Spotting a deceptive web address (Article 3719) - Article 3719

Scammers are good at coming up with website names that seem legitimate but take you to a site you didn’t intend to visit—often a troublesome one that could infect your computer with malware.

Their trick: include just enough recognizable words and phrases to confuse people. At first glance, when you see those familiar words, it seems real. But a closer look reveals that it’s bogus.

An example:

These email messages claim to come from ITS, and you recognize phrases like uiowa and outlook.

http: //uiowaoutlook.uiowa.com.ru/outlook.htm

http: //216.32.44.201/outlook.htm

But, both are bogus, and here’s how you can tell. Ignore everything that comes after http:// and the first “/”. What remains there, sandwiched in the middle, is the actual site name:

http: //uiowaoutlook.uiowa.edu.ru/outlook.htm 

The first example includes “uiowa.edu,” but ends with “.ru” The “.ru” indicates a site in Russia—a highly unlikely origin for a message about any UIowa account.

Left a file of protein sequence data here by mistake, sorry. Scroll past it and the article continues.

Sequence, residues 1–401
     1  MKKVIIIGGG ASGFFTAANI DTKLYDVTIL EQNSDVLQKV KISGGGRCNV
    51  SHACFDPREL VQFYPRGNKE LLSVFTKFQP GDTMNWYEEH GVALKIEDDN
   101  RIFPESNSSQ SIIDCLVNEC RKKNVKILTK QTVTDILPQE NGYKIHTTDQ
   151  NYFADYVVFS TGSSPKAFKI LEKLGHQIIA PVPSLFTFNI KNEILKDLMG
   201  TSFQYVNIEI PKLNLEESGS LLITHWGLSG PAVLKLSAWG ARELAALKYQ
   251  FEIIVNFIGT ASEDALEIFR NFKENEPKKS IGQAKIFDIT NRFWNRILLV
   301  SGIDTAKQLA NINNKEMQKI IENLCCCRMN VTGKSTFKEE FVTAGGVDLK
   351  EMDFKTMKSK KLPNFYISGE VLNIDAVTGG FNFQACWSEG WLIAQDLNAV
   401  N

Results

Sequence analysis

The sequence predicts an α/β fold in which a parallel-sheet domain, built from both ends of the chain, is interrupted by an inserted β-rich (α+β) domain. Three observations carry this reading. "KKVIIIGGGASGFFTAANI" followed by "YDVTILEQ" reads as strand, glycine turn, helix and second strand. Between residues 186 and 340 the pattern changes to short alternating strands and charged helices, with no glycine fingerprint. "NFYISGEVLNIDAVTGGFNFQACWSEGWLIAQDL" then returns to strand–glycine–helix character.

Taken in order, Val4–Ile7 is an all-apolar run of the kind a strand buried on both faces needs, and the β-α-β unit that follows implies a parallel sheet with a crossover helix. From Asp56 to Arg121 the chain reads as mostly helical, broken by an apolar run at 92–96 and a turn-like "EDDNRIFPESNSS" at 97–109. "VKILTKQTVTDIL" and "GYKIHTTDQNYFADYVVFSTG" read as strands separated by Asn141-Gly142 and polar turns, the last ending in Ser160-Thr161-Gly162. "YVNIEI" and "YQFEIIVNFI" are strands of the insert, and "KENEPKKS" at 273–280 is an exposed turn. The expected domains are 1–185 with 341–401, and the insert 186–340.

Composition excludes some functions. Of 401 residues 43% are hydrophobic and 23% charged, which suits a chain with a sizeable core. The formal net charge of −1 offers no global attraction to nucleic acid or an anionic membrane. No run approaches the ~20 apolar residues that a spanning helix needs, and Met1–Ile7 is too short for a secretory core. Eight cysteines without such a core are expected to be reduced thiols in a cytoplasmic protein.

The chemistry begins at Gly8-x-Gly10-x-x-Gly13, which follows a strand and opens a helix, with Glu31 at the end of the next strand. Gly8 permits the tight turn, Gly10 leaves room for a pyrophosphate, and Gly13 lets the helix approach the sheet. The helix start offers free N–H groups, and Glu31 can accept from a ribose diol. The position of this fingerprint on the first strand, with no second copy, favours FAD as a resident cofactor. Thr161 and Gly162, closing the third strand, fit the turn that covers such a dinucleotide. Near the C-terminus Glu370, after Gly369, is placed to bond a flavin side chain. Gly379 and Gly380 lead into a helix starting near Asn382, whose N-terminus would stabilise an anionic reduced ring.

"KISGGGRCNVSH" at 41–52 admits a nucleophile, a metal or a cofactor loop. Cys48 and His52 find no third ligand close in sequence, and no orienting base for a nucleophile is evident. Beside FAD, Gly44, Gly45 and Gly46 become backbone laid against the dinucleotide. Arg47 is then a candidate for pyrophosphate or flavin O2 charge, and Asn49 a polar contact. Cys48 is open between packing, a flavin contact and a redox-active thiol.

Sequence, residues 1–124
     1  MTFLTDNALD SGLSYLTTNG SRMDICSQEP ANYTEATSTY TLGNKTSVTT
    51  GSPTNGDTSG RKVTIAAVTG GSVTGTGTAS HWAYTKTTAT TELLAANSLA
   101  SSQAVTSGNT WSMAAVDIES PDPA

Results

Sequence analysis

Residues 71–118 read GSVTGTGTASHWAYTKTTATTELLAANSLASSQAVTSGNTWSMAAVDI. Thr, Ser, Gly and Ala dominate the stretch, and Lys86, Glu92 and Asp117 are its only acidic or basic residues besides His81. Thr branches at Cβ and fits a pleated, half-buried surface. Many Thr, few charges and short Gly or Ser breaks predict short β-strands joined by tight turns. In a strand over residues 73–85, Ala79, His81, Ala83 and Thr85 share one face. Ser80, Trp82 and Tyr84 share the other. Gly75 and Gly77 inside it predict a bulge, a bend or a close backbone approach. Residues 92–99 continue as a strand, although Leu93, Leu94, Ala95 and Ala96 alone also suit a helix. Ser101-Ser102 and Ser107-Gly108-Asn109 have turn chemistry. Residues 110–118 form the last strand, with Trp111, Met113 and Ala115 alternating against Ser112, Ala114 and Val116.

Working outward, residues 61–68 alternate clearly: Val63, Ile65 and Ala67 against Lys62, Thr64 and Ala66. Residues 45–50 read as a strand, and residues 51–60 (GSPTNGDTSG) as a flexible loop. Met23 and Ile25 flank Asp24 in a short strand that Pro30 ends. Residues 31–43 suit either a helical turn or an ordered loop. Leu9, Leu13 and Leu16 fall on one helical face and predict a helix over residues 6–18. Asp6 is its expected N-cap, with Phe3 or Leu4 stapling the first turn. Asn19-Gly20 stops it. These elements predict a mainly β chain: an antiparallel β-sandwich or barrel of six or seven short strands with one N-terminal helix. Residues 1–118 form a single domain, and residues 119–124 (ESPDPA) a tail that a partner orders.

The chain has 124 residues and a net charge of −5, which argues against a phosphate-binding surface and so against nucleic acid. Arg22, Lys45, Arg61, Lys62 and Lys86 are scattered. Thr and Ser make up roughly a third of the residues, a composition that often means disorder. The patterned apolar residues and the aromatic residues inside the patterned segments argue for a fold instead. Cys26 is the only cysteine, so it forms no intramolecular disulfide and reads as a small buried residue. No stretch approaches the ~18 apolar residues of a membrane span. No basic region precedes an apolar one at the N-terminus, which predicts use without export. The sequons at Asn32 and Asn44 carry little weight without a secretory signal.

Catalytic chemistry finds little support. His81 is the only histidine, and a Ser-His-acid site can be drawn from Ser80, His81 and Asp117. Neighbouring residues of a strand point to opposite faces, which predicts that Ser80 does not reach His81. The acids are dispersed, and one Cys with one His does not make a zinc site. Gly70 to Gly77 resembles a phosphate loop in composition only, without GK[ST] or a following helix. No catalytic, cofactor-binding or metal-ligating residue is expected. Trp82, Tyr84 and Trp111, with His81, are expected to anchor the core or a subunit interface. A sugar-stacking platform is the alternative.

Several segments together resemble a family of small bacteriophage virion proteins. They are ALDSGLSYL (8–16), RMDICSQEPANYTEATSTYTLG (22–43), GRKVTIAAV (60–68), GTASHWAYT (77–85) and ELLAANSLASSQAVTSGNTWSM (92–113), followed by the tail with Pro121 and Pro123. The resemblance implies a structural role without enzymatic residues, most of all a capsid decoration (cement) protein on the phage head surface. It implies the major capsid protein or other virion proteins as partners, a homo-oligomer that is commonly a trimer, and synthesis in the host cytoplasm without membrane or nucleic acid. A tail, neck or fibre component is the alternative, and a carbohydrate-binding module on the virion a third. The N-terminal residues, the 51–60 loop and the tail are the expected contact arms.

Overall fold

The second example doesn’t have the host name, just the numeric address (IP address) that underlies a host name. A URL that only includes an IP address should be treated with great suspicion.

http: //216.32.44.201/outlook.htm

One more clue

We’ll wrap up this lesson with one last tip:  Watch for letter substitutions.

You might see something like service@u1owa.edu, with the number 1 used in place of the lower case i. in “uiowa.”

Or, Helpdesk @its.ui0wa.edu, with a zero rather than the letter o.

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